After deployment, the Wall Stents are ballooned to 18mm. These stents were extended into the common femoral artery with 14mm nitinol stents.

intervention fig 7.png
Ballooning 18 mm Wall Stents with 18mm Atlas balloons, then extending to CFA with nitinol stents of 14mm

Completion venography suggested successful iliocaval recanalization and revascularization but these procedures are not done without a final intravascular ultrasound (IVUS).

Looks done, but needed final intervention after IVUS.

Intravascular ultrasound revealed incomplete expansion of the right common femoral stent. This was treated with another stent and ballooning with the result on the right.

Stent compression on IVUS treated with second stent

Venography alone is insufficient in determining patency. As illustrated, IVUS ensures a durable outcome.

The leg ulcer was treated with an Unna’s boot. A word about the venerable Unna’s boot –it works. The dressing dries and compresses while the Zinc Oxide prevents bacterial growth. It is interesting that the dressing is so infrequently used nowadays but not so when you consider that it isn’t reimbursed. And patients generally hate it.

This revascularization has an excellent chance at working as the patient has no hypercoagulability and had a patent common femoral confluence bilaterally. As I had mentioned in a prior post, the idea in venous revascularization is connecting confluences that serve as inflow and outflow.


This will require followup, consisting of duplex, and it is advantageous that he is anticoagulated for his arrhythmia. It is becoming more apparent that those languishing with chronic venous insufficiency and its complications need the IVC and iliac veins interrogated with a duplex. When an obstruction is found, they should be treated with these techniques as a first line therapy.


IVC Filter Migration Causing Acute Abdominal Pain

CT IVC migration_1

The patient had a carotid dissection over five years prior to presentation and had a stroke and DVT. To protect her from pulmonary embolism, an IVC filter was placed, she was anticoagulated for a while. She rehabilitated and was doing well when several months prior to consultation she developed severe upper abdominal pain that occurred intermittently without triggers. She underwent a workup which included laboratory testing and endoscopy which were negative, and a CT scan showing the IVC filter had tilted and the legs had eroded through the vena cava to abut the duodenum and abdominal aorta. No other pathology could be found and after discussion operative resection was planned.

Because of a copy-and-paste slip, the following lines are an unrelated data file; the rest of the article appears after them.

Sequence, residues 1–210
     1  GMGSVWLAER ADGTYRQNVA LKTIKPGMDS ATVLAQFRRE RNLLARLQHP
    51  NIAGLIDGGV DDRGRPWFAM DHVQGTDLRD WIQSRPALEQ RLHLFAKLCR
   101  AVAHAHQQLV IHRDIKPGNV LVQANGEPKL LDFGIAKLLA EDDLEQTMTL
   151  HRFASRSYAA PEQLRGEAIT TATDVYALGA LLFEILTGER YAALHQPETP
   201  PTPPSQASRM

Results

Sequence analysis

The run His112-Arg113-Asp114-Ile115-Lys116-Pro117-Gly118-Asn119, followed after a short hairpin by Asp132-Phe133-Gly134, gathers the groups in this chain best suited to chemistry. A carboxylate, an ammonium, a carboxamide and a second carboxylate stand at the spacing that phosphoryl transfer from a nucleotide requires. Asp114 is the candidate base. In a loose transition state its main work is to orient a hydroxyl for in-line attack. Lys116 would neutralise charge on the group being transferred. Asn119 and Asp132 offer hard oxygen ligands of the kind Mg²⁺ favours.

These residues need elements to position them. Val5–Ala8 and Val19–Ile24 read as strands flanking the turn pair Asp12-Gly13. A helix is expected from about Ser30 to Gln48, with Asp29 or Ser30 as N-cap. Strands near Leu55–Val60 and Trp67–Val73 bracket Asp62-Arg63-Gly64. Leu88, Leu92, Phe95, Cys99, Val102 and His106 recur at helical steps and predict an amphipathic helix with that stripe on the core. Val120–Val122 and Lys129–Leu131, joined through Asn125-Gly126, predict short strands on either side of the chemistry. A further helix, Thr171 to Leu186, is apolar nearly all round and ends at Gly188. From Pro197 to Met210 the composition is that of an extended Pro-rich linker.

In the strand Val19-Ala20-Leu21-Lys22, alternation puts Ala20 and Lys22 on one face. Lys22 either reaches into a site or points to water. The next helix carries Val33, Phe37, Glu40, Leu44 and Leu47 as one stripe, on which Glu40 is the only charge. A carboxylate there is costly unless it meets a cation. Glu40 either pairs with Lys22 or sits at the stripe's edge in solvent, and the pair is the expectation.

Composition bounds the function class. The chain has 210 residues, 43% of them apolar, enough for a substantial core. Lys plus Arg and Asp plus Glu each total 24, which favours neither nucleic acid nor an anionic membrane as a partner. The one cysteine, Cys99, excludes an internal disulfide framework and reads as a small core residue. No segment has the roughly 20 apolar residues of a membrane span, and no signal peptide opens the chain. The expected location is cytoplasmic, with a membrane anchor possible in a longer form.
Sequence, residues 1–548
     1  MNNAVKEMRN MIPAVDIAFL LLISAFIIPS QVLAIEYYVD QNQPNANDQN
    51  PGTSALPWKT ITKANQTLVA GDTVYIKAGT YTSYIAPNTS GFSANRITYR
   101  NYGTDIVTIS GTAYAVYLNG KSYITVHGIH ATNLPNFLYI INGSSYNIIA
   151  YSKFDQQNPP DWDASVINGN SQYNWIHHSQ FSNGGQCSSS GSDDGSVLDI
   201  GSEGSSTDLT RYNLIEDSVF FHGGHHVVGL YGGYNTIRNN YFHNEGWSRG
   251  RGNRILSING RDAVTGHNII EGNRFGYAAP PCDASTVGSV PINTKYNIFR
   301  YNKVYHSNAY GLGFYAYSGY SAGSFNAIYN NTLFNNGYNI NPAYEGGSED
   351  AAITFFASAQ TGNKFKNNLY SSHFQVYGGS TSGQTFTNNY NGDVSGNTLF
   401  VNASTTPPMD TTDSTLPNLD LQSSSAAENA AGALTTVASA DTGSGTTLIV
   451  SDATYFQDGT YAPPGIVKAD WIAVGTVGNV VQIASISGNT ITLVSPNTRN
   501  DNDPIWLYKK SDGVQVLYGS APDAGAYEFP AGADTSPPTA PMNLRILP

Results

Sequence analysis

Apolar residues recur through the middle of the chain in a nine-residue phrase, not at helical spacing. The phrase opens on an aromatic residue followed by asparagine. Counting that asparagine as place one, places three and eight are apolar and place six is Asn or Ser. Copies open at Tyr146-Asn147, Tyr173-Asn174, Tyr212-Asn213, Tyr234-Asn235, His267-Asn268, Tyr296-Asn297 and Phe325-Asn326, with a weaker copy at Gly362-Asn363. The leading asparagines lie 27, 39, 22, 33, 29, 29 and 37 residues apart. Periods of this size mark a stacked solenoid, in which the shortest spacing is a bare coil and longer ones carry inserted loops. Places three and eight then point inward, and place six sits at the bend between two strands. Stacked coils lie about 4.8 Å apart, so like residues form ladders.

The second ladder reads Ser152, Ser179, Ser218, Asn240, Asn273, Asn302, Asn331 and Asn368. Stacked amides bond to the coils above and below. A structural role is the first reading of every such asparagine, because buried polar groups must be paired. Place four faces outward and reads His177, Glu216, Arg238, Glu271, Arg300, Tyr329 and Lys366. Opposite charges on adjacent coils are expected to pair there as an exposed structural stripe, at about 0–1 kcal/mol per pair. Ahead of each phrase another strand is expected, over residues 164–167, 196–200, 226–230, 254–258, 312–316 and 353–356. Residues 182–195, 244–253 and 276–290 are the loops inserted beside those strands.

3DVR planning

As mentioned in an earlier post, 3DVR image processing has become indispensable in planning not only aortic interventions but open surgery as well. An oblique incision was created, basically a high transplant incision, and we stayed in the retroperitoneum. The leg of the filter abutting the duodenum did not penetrate it and there was no leakage of bile. The end of the leg, of which there are two types on this filter, was in the vena cava, but the side had eroded out of the cava. Control of the IVC is always treacherous because of the fragile lumbar tributaries underneath the cava. Once heparinized and clamped, a longitudinal venotomy released the filter. The head was embedded in the cava wall and would not have been easily accessible with a snare.

removing filter

The tine that was headed towards the aorta had to be removed from the filter to manipulate it out. No bleeding was noted from the aorta.

exvivo filter

This is my fifth operative removal of an IVC filter that had eroded into adjacent organs. Recently I removed a filter which had eroded into the aorta -this required a pledgetted suture. In my first case, about 7 years ago, a filter placed in a teen, the victim of polytrauma due to an MVA, caused fevers and an upper GI hemorrhage which was diagnosed on upper endoscopy -somewhere I have a great picture of an IVC filter leg in the duodenum.

Which brings me to my last point. The guidelines for placing these filters has evolved and it is clear now that they are not as benign as once thought. They are not only associated with migration but also iliocaval thrombosis. Stenting across them can push the legs out into organs. Their migration into the retroperitoneum can cause an atypical abdominal pain syndrome -in this patient, the pain was immediately gone. If placed, plan should be made for removal if feasible, anticoagulation maintained if possible, and filter choice limited to those that have long track records.

The treatment of venous thromboembolism remains primarily pharmacologic. When the indication for the filter expires, the filter should be removed unless the risks of removal exceed the risks of leaving it in.